Tuesday, September 28, 2010

Shooting from the Chest

Boardwalkers, 2010

When you’re walking in a crowd and you want to take pictures of people without draw such attention to yourself as will cause people to change what they’re doing, it’s helpful to have a few tricks up your sleeve.

Some photographers resort to long lenses in such situations. They’ll sit way off to the side and cherry pick shots of people without being noticed. I can understand why they might do this. But I’m one of those people who believes you need to get a little closer, even to the point of interacting with the subject. Besides, long lenses flatten the perspective. When you’re dealing with people it can look as if you were just phoning in the picture from another planet. I prefer pictures that make you feel like you were in the crowd.

Neptune Festival Crowd, 2010

Last Saturday I was back down on the Virginia Beach boardwalk getting in a walk and watching some of the festivities of the Neptune Festival, an annual event conceived thirty-seven years ago to bolster the tourism “shoulder season.” The first Neptune Festival was mainly a big weekend seafood party. These days it includes several weeks of parties, balls, 5k and 10k foot races, a parade, art show, bands, sailing regatta, sandcastle building competition and probably some other things I’m forgetting.

Channeling my inner Martin Parr, I decided before I left home that I wanted to get close to the crowd. I loaded the 18-35mm wide-angle lens on my camera and headed into the fray. This used to be my default lens because I like to see “wide.” But now I use it mostly for the slightly distorted perspective it gives, especially in low angle shots.

Normally, I’m obsessive about looking into the viewfinder to compose pictures. But for this outing I had to let that go. What I did whenever I saw someone walking towards me that I wanted to photography I lifted my camera to the middle of my chest and took a picture without ever looking into the viewfinder. As these pictures show, if you do that people don’t even look at the cameras.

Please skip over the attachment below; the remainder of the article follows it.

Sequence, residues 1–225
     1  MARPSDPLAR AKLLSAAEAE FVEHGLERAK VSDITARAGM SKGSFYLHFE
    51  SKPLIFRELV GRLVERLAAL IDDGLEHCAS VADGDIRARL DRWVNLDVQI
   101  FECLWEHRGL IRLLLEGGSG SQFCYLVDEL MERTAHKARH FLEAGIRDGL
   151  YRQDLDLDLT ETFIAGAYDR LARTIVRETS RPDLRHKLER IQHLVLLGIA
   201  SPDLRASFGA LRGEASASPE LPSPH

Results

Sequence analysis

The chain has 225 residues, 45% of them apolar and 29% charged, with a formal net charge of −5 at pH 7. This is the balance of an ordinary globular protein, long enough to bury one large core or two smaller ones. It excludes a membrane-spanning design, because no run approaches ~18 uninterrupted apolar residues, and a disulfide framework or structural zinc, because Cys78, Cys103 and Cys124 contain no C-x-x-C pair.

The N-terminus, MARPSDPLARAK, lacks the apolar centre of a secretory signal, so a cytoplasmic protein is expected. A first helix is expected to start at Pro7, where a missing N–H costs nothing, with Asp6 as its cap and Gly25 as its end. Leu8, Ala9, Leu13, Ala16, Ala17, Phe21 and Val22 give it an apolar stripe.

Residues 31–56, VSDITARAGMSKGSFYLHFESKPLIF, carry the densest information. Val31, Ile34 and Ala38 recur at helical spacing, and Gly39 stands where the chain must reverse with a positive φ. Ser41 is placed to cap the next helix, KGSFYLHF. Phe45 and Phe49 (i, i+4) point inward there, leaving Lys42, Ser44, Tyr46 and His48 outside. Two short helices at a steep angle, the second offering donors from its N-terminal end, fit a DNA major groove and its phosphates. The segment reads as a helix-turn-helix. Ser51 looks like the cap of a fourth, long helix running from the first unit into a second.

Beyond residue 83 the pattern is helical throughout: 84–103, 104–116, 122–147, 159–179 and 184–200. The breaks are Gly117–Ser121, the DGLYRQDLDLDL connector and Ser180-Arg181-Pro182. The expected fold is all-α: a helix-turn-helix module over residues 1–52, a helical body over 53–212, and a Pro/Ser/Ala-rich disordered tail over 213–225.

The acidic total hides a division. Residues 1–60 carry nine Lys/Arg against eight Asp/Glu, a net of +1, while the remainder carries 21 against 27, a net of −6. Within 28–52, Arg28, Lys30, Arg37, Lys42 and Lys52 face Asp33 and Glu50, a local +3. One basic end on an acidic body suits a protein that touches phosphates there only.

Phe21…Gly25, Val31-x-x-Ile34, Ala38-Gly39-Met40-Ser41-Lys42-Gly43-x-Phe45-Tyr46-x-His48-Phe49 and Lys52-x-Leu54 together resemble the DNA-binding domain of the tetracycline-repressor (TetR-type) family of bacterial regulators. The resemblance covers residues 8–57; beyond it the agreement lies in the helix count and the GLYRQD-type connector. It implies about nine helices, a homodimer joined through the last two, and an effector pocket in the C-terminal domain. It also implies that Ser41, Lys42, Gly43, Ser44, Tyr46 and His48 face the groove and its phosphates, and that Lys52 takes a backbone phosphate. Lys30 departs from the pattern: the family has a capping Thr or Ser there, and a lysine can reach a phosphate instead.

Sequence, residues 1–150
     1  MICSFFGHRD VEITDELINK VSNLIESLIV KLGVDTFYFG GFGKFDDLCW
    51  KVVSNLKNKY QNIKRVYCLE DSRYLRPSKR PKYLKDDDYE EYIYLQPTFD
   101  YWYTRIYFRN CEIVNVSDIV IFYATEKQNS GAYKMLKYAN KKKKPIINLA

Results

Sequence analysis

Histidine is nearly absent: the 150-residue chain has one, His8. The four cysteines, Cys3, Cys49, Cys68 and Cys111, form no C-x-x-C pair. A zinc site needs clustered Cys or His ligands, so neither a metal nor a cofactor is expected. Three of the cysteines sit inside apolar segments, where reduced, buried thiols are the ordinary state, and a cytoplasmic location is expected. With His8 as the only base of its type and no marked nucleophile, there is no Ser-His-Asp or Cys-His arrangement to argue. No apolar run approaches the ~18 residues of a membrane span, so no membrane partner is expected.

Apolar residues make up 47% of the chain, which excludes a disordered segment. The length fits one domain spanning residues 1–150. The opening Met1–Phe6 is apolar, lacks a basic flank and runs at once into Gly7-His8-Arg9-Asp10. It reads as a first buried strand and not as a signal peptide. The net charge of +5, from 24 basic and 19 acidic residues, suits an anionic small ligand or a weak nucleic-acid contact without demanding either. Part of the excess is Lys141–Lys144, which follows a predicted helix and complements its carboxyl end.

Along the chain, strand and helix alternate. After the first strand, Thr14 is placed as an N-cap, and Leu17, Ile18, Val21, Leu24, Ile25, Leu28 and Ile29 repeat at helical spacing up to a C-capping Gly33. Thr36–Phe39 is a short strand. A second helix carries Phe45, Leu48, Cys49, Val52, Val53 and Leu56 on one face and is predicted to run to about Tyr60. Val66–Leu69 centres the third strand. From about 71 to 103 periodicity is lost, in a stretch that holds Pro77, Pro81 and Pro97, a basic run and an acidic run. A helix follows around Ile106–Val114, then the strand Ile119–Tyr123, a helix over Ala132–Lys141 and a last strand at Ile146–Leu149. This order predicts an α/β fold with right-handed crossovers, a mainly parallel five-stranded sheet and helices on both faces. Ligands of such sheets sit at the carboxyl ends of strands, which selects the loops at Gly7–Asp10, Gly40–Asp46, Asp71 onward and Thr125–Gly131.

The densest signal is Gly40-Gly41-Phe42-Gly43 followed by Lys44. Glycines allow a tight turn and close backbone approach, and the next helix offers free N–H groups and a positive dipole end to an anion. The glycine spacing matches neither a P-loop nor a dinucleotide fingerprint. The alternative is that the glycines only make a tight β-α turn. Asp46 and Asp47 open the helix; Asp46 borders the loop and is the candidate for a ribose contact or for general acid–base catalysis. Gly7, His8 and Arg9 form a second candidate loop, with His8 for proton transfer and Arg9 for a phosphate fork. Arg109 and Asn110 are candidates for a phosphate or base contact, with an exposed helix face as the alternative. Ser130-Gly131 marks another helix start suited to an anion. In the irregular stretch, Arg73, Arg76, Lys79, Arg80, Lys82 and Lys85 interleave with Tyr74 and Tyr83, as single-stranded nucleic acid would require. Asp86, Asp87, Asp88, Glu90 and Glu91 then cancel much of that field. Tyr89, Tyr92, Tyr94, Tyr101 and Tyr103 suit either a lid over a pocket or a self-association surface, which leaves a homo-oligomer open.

The downside of this technique, of course, is that composition can be hit or miss. Some of the shots I took this way completely missed the subject. Some, like Fame, Like a Good Figure, is Fleeting, have focus issues. The man in Portrait of an Unknown could have been better positioned. Clearly, I’ve got some work to do perfecting this technique. But if I practice it some more I’m pretty sure I’ll get better at it.

Fame, Like a Good Figure, is Fleeting, 2010

Portrait of an Unknown, 2010


  1. Nice pics Chris - love the fleeting fame shot. One thought/question; as I recall the beginning of the neptune Festival, it wasn't created to fill hotel rooms - it was supposed to be a celebration of LOCALS as we take back our beach from the out of towners. Nancy Creech and friends may have morphed the Neptune Festival into a business lobby strategy to fill hotel rooms, but that wasn't really the idea behind the Neptune Festival.

    -Reid Greenmun

  2. Great idea--I like the effects you got a lot.

  3. Chris, one of the reasons I enjoy your blogs is that I always learn something, or at least view a subject from a different perspective just as this technique does. One of the things drilled into my head by firearms instructors was the need to develop muscle memory when acquiring a sight picture which is what you're doing with your camera.
    BTW, thanks for pointing me towards Martin Parr.

  4. Hi Chris, I'm just catching up on my blog-reading/-viewing. Love yours, as usual. I hope your inner Martin Parr stays inside. I get your point, but I don't really like his stuff. He does interesting things with colour and has an interesting view of things, but I find him to be mostly mean-spirited, and not just celebrating the unusual or weird.